[CT Birds] Friday morning fallout

Nick Bonomo nbonomo at gmail.com
Fri Oct 5 19:36:52 EDT 2012


I had originally planned on fishing on this early morning, arriving at
the dock in Norwalk around 545am. As I stepped out of the car I was
greeted by the sounds of nocturnal flight calls low overhead.
Conditions were calm wind, light fog. Within the first minute I had
heard multiple Swainson's, Veery, Gray-cheeked Thrush, and several
warblers and sparrows. I stood on the dock until things slowed down
about an hour later. The sheer volume of calls was amazing, even
overwhelming at times. For a few periods there I just zoned out and
enjoyed the "show." Getting a count on these birds was impossible,
especially considering that I didn't have any means of recording
numbers on me. I generally tried to focus on the thrushes because 1)
their calls were most abundant, and 2) I have some practice with
identifying their relatively distinct flight calls. I can't say the
same for warblers and sparrows, other than a few distinctive
species...otherwise I can just get them down to species groups/pairs.

Long story short, I do not currently own any actual decent recording
equipment (though I am currently researching ways to record to an
iPhone with an external mic). What I decided to use this morning was
an app called Spectrogram, which shows you a real-time spectrogram of
sounds that the phone's internal mic can detect (within a certain
frequency range). This app does not record actual sound, nor does it
save the spectrogram feed that you're seeing, but it is very cool to
simply watch the feed in real-time. If you want to capture a
spectrogram, all you can do it take a screenshot of the live feed. If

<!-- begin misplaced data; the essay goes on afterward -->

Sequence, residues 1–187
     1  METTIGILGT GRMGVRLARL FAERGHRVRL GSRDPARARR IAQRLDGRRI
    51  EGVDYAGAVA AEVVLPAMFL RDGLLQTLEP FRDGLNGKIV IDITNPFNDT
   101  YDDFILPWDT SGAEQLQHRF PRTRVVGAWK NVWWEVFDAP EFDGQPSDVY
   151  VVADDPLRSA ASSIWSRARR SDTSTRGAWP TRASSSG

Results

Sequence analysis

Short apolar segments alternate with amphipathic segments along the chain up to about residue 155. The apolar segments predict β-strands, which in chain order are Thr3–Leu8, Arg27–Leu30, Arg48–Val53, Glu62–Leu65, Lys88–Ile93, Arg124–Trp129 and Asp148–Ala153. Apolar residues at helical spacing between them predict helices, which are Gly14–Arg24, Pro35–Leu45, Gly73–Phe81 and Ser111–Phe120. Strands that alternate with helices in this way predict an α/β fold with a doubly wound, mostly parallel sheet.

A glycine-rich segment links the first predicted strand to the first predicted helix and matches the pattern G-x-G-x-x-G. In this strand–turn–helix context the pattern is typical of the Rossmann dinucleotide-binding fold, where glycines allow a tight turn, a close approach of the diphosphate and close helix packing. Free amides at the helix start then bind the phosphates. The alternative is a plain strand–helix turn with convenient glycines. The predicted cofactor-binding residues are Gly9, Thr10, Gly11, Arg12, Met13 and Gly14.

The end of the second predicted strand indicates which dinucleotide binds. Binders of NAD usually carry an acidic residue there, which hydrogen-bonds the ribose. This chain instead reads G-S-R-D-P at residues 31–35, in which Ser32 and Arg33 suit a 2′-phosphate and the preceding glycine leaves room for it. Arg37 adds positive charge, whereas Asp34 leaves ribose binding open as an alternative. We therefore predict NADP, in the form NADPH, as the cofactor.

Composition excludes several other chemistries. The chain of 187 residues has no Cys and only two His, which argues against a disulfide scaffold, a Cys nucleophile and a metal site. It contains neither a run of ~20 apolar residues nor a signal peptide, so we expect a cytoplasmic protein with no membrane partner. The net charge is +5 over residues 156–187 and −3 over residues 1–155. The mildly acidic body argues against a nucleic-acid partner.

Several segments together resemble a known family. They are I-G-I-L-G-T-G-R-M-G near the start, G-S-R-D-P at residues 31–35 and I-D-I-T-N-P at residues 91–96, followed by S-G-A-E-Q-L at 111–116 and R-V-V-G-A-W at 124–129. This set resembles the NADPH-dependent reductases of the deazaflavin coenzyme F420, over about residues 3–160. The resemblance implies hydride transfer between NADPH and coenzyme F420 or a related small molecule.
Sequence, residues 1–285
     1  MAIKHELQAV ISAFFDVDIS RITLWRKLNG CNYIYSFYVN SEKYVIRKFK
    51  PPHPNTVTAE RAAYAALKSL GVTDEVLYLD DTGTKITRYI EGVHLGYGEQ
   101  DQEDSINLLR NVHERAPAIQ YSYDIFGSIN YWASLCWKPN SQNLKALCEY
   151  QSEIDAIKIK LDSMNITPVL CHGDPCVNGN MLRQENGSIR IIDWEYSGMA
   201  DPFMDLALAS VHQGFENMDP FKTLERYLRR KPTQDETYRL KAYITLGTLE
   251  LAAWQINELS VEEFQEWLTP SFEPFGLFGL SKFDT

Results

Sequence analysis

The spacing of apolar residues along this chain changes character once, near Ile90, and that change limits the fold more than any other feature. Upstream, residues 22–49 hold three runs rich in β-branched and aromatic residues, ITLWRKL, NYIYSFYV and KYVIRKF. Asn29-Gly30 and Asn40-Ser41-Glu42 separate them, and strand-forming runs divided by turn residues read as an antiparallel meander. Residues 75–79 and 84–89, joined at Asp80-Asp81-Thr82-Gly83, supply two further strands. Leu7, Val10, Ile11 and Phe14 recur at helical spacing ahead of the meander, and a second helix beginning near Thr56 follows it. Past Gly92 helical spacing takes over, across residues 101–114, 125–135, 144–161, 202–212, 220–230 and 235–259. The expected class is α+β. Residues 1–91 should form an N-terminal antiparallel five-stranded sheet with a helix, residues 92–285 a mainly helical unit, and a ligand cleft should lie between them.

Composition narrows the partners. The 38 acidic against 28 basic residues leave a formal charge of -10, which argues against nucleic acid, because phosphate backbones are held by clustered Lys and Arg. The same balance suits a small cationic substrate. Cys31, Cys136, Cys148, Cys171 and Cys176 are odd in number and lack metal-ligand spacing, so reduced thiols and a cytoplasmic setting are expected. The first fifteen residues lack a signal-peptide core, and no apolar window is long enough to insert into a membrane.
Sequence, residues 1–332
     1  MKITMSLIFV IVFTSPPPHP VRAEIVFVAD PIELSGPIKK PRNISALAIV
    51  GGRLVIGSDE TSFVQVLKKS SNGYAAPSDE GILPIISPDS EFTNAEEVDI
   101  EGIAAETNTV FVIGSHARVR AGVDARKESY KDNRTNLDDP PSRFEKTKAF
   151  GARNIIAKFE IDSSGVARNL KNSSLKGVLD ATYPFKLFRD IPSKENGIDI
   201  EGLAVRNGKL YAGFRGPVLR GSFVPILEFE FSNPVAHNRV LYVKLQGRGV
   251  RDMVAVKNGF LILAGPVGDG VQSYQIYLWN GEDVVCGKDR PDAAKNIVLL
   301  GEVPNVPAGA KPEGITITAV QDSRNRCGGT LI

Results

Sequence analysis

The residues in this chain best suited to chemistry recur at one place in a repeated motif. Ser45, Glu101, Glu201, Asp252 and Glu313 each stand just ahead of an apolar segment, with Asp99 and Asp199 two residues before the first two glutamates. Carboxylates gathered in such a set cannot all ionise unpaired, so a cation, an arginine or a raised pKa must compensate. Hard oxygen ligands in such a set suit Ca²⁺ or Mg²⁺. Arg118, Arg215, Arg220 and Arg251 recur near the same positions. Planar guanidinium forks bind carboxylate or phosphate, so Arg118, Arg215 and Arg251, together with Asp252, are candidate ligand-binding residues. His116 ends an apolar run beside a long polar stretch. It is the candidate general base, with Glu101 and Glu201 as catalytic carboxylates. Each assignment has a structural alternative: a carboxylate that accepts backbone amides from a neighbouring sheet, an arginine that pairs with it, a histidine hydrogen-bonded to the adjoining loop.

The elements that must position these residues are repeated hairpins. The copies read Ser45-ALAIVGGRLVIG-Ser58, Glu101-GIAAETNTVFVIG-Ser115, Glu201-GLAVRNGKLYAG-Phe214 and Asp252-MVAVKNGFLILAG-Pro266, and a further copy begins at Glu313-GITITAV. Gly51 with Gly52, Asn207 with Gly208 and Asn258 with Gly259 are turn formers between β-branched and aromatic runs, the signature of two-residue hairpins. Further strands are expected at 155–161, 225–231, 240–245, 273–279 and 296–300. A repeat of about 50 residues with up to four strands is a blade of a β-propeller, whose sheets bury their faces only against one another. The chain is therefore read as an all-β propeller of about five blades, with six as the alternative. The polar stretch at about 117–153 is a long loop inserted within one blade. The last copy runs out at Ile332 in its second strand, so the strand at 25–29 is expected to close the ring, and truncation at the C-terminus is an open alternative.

any of you are still reading this, apologies if that's at all

Anyway, many of the birds were low and loud enough to be detected by
the phone's mic, allowing me to watch the show on the phone's screen
as the birds were calling. I was able to grab screenshots of the
occasional call of interest, such as a low Gray-cheek. One particular
call really got my attention as being Gray-cheek-like but distinctly
higher in frequency. Having already heard several typical GCTH call
that morning, and being familiar with Bicknell's via audio recording,
I felt pretty strongly that this was a great candidate for BICKNELL'S
THRUSH. But I've not knowingly heard Bicknell's call in real life and
just don't have a ton of faith in my ears' training at this point, as
the calls of the two species are quite similar. Not to be done without
care. Luckily the bird was low and loud, so I was able to grab a
snapshot of the sonogram. Given the media (iPhone internal mic plus a
basic spectrogram app), the quality of the image isn't great. I'm
going to attempt to analyze it, so perhaps I'll find out how
well-trained my ear is to GCTH vs BITH. If my results are at all
intriguing or conclusive, I will post something here.

A DICKCISSEL was the non-thrush highlight. The calls winded down
around sunrise, but with such a heavy migration and possible fallout
conditions I ditched the fishing for birding (at least for a while). I
killed some time along the Norwalk coast near Calf Pasture, waiting
until 8am for Sherwood Island SP to open up. Along the coast there I
had birds moving, some settling into the coastal vegetation. Nothing
too impressive, in numbers nor variety. A single flock of 25 Tufted
Titmice was impressive, plus a handful of Golden-crowned Kinglets.

I headed over to Sherwood for opening at 8am and at first found the
place to be just moderately birdy, but numbers seemed to build over
the next couple hours. A strong finch migration picked up, and some
nocturnal migrants began to settle into feeding flocks. The highlight
here was a female YELLOW-HEADED BLACKBIRD foraging on the ground with
a small flock of cowbirds and a few starlings. An alarmed Blue Jay
spooked the flock after about 10 minutes of observation, and I was
never able to refind the bird despite trying for a little while. Given
that the bird wasn't actively migrating, I figured it would still be
in the area somewhere.

Sparrows made a good showing at Sherwood, including ho-hum another
Here's a list of highlights:

Northern Pintail  5     flyby moving west
Wilson's Snipe  2
Yellow-billed Cuckoo  1
Clay-colored Sparrow  1
Nelson's Sparrow  4
Song Sparrow  20
Lincoln's Sparrow  3
Yellow-headed Blackbird  1
Purple Finch  18
House Finch  40
Pine Siskin  160
American Goldfinch  230

I have photos of the blackbird which I'll post at a later time.

Nick Bonomo
Wallingford, CT

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